Monday, August 22, 2016

Photomicrograph- Marine, Meteoric And Burial Carbonate Cements

JSR Paper Clips in their "A Look Back" series highlights an influential paper by J.A.D. Dickson on the use of staining of carbonate rocks to differentiate in a thin section the different mineral phases of calcium carbonate.

A staining procedure consisting of preliminary etching with dilute hydrochloric acid, treatment with a mixed solution of alizarin red-S and potassium ferricyanide, and a final treatment with alizarin red-S alone (Dickson, 1965) permits the distinction of orthorhombic carbonates and of calcite from other trigonal carbonates. The potassium ferricyanide stain reveals the distribution of iron in both calcite and dolomite. The use of the stains is illustrated by a discussion of the petrography of selected specimens and interpretations of the origin of various petrographic entities.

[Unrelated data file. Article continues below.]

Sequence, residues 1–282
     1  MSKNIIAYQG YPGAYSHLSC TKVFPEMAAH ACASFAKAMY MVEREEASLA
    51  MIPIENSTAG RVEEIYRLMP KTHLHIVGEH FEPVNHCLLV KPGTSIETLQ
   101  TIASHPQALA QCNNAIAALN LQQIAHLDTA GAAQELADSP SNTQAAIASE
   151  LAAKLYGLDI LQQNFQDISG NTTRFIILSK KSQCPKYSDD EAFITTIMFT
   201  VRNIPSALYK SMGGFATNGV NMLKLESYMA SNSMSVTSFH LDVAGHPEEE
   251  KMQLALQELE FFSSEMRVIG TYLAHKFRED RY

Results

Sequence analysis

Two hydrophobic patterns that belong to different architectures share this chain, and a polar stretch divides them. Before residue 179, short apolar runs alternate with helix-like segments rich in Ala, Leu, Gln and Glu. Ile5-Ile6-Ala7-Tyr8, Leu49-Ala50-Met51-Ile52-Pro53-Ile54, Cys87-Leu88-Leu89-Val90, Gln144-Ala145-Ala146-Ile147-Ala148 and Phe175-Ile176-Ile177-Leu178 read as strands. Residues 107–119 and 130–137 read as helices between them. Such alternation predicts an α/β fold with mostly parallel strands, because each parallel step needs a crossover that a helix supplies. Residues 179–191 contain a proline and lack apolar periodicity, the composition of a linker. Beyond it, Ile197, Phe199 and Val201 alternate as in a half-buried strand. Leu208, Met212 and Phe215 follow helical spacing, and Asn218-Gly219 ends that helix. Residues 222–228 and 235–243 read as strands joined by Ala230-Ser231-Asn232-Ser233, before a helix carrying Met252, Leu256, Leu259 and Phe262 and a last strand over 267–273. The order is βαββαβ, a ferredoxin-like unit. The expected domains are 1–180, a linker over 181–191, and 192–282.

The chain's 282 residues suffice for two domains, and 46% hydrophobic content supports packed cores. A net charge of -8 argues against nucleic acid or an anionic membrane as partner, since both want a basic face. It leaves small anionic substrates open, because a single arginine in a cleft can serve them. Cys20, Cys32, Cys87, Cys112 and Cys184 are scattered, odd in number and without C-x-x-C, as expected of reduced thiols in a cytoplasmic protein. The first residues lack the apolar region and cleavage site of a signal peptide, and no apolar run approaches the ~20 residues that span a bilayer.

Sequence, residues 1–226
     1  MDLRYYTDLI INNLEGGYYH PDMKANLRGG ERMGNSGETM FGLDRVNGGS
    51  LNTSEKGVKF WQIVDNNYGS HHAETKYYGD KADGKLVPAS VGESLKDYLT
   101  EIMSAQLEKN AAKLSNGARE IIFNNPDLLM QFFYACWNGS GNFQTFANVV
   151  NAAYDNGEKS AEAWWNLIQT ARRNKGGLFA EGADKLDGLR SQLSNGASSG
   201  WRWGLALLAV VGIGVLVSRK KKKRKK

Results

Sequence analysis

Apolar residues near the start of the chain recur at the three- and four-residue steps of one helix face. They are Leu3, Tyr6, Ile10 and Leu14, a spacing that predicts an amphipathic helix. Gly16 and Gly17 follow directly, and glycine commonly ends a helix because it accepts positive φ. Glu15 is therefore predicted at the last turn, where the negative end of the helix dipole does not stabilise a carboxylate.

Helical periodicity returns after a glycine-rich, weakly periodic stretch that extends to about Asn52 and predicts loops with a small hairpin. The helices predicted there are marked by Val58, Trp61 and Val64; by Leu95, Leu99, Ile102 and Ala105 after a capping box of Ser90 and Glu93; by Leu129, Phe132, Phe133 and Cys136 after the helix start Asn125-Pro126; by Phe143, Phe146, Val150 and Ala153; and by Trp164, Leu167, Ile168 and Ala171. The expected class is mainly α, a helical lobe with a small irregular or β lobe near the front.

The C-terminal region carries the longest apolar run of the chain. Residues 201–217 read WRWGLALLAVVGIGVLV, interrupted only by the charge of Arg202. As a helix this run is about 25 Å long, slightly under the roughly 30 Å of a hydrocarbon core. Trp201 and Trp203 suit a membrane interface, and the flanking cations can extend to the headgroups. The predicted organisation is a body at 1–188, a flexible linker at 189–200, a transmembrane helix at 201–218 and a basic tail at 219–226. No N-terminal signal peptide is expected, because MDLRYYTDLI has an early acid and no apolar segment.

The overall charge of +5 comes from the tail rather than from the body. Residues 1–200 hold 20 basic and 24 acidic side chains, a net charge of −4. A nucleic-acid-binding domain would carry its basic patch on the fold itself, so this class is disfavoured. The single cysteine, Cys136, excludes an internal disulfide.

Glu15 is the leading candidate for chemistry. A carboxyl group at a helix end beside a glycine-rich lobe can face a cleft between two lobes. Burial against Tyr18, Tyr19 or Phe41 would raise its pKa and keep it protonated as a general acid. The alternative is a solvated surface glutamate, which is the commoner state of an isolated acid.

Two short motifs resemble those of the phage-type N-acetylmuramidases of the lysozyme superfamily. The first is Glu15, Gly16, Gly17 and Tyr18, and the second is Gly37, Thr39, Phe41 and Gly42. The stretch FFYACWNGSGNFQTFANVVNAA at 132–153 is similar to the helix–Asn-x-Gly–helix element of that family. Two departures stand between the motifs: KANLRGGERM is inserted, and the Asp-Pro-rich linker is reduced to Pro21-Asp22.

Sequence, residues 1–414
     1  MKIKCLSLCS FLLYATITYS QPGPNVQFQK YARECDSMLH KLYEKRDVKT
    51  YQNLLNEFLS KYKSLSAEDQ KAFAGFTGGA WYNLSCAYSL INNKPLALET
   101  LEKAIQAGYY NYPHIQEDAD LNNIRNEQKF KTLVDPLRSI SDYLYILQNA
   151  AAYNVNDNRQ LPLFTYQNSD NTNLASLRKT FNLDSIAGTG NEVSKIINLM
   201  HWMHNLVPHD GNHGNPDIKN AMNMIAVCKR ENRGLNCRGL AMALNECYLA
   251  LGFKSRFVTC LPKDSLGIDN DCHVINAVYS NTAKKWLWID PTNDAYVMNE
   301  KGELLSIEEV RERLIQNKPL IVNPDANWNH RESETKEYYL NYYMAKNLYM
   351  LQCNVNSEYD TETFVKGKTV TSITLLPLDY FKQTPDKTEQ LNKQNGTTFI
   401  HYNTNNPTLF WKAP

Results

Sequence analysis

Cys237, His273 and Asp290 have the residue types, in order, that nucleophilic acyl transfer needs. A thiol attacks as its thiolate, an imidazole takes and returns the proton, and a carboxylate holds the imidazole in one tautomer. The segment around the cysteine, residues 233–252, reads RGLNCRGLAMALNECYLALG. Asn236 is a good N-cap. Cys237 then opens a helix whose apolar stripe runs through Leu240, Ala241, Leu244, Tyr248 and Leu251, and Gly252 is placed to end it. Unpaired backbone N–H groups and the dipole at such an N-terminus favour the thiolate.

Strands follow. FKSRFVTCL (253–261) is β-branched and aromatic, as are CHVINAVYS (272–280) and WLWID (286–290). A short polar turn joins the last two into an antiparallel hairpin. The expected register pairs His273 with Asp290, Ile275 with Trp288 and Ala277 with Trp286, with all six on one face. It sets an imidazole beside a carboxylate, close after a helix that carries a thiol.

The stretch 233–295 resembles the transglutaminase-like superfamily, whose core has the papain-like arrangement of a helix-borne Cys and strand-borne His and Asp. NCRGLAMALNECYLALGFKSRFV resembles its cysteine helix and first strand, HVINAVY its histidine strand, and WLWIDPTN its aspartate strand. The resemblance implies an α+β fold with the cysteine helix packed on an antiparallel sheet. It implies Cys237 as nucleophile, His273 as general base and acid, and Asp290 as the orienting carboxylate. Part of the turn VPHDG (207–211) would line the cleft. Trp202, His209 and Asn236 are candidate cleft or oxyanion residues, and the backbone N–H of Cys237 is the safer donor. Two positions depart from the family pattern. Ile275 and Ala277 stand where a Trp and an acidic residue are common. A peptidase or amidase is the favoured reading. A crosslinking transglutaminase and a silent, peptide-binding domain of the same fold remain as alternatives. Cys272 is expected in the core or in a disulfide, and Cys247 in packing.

I am heartily thankful for this technique. I stained literally hundreds of thin sections of Ordovician carbonates for my PhD work. It helped me understand the changes in cement types and their chemical composition as the limestones passed from a marine setting to becoming a freshwater aquifer during sea level drops to their ultimate burial to depths of hundreds of feet where they encountered Mg rich brines from which precipitated the mineral dolomite.

Here is that sequence brought out so clearly by a mix of Alizarin Red S and Potassium Ferricyanide.

1) Bladed crystals of non ferroan marine calcite nucleated on a brachiopod shell (stained pink)
2) Equant crystals of ferroan calcite precipitated in a confined fresh water aquifer that formed during a late Ordovician sea level drop (stained purple)
3) Rhombic crystals of a non-ferroan dolomite precipitated during deep burial (not stained). This dolomite cuts across the early marine and later ferroan calcite cements.

... my series on photomicrographs of carbonates will continue...

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